Feast on au­tum­nal delights.

As the leaves be­gin to change colour, it is time to look for­ward to all the sea­sonal pro­duce that au­tumn brings

Sunday Herald Sun - Stellar - - Contents - MATT PRE­STON

SUM­MER is slip­ping out the back door with its bas­kets of stone fruit and berries. Now we are an­tic­i­pat­ing the ar­rival of au­tumn with all that sea­sonal bounty. Here’s what I’m look­ing for­ward to most.

BEET­ROOT

To my mind, there are two ways to eat beet­root. The first is wrapped in foil and slow-roasted. This way the skin rubs off eas­ily. Per­haps add a splash of bal­samic or thyme to each foil pack­age be­fore cook­ing to en­hance the flavour. This is de­li­cious, still with some oven-warmth when tossed with green lentils, dill, and a saf­fron-yo­ghurt dress­ing.

The sec­ond way is raw, cut into match­sticks. Make a slaw with sim­i­larly cut car­rots, cur­rants and a dress­ing of miso and re­duced orange juice with Ja­panese pick­led gin­ger, or one made from pomegranate juice re­duced to a syrup and then hit with a lit­tle lemon juice. Add pis­ta­chios for crunch and pomegranate gems for pops of flavour.

BROC­COLI

The green hue of wa­ter af­ter boil­ing broc­coli should give you a clue that it’s not the best way to cook it. In­stead, steam it or split heads in half, brush with oil and cook slowly on the bar­be­cue. It is won­der­ful topped with sun­flower seeds, sweet vine­gar and ba­con or feta.

You can also try it with a ver­sion of Hetty Mckin­non’s pars­ley, gar­lic, al­mond, olive oil and gruyere pesto. In both cases, adding eggs makes it a full meal. Or just mi­crowave broc­coli slightly to soften and add to mac ’n’ cheese to fin­ish cook­ing while the mac bakes.

BRUS­SELS SPROUTS

Years of grey, over­boiled Brus­sels sprouts have soured many peo­ple’s ap­pre­ci­a­tion of th­ese dolls house “cab­bages”. Soft­en­ing them in the mi­crowave and then roast­ing in a hot oven is a quick way to make them de­li­cious. Sprouts love nuts, so try toss­ing with roasted chest­nuts.

They are also great done the Karen Mar­tini way – roasted, driz­zled with honey and dukkah and served on hum­mus, ei­ther as a light main or as a side with lamb chops.

CAB­BAGE

An­other ma­ligned vegetable, th­ese days cab­bage is often pick­led into sauer­kraut, rel­e­gated to a slaw or steamed into a dull but vir­tu­ous side dish. But it can also be the hero. The Ital­ians like to cook it very slowly in its own ren­dered juices. They call this method “smoth­ered”.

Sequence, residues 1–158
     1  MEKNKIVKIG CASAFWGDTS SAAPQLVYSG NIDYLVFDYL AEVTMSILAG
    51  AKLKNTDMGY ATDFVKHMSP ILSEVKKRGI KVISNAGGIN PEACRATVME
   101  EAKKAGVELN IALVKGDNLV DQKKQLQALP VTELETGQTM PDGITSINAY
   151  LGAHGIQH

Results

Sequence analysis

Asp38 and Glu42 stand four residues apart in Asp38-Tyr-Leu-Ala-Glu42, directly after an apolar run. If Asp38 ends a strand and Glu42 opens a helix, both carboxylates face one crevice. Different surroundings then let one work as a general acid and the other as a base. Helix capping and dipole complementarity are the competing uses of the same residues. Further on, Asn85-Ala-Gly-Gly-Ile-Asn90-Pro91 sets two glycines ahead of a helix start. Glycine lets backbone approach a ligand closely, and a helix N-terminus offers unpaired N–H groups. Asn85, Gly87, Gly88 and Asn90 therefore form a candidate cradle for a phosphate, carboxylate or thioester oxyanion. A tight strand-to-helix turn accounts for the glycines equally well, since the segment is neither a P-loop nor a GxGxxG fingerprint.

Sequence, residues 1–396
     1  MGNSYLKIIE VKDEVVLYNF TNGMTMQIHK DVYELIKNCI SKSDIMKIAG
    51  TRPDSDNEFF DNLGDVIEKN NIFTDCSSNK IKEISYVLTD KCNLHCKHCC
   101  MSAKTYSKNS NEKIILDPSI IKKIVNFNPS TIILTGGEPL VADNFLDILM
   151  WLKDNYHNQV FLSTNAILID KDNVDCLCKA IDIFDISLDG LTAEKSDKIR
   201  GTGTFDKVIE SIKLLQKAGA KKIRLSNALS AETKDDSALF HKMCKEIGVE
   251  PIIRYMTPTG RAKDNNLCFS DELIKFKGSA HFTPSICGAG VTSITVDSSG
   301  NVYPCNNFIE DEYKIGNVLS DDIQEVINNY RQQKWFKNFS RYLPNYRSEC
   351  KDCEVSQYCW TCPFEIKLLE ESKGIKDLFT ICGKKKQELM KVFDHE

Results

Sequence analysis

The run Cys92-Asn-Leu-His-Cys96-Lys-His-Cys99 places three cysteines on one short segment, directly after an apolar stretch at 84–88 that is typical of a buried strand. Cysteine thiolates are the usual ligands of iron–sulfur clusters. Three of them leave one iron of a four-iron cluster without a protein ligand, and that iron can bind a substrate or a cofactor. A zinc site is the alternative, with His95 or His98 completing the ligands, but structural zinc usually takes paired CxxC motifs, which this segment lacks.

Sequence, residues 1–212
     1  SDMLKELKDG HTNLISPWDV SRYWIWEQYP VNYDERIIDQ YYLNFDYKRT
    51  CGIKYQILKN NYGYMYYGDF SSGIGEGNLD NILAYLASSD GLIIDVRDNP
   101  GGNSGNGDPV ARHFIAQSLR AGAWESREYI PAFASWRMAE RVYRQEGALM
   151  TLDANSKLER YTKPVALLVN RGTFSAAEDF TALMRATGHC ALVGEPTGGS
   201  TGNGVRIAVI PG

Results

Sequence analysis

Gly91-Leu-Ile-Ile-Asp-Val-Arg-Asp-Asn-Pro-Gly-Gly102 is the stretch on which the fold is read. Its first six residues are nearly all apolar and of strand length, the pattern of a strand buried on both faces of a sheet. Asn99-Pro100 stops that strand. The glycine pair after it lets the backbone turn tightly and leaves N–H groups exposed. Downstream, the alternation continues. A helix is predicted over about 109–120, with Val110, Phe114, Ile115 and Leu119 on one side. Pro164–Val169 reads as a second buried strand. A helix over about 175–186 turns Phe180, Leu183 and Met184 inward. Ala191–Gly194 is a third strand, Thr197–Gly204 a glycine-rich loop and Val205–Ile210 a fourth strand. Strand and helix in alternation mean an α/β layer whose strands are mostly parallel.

I make a sim­i­lar dish, which is my ver­sion of one of Poland’s great meals, bi­gos. Finely shred a white cab­bage and cook it with onion and a lit­tle chopped gar­lic in the fat ren­dered from brown­ing off half a dozen pork sausages and 300g cubed, smoked ba­con. When the cab­bage has soft­ened, stir in those sausages, the ba­con, a splash of cider vine­gar, a few car­away seeds and a cou­ple of ju­niper berries. Cook slowly in a low oven for an hour or more. If you like sauer­kraut, stir in a cup of drained, rinsed and dried sauer­kraut in­stead of the vine­gar.

CAR­ROTS

Is any vegetable more ver­sa­tile? Car­rots can be eaten raw, pick­led, roasted, steamed or slowly cooked in a pan with a lit­tle wa­ter and but­ter for so long they al­most break down. Serve th­ese with parme­san and pars­ley, or with tea- or mus­cat-soaked sul­tanas, toasted pine nuts, lemon zest, crushed co­rian­der seeds and a dol­lop of creme fraiche.

CAU­LI­FLOWER

This fam­ily favourite is al­ways wel­come at my ta­ble whether raw, pick­led in thin slices, grilled as steaks, or mi­crowaved whole and then roasted.

But you can also go a more deca­dent route. Crumb flat chunks of cau­li­flower, fry and serve with a blue cheese, sour cream and vine­gar dip­ping sauce.

FEN­NEL

This is an­other adapt­able vegetable. Try it sliced very thinly and tossed with white an­chovies, mint and a sprin­kling of al­mond mi­gas – bread­crumbs fried with toasted chopped al­monds, crushed gar­lic, some­thing salty and porky (such as prosci­utto, ser­rano ham or crum­bled chorizo) and a few cumin seeds.

Roast­ing thick slices of fen­nel in­ten­si­fies the flavour and makes its flesh creamy-soft to serve with your next pork roast, or as the base for a tray bake with capers, olives, toma­toes and fil­lets of firm-fleshed white fish.

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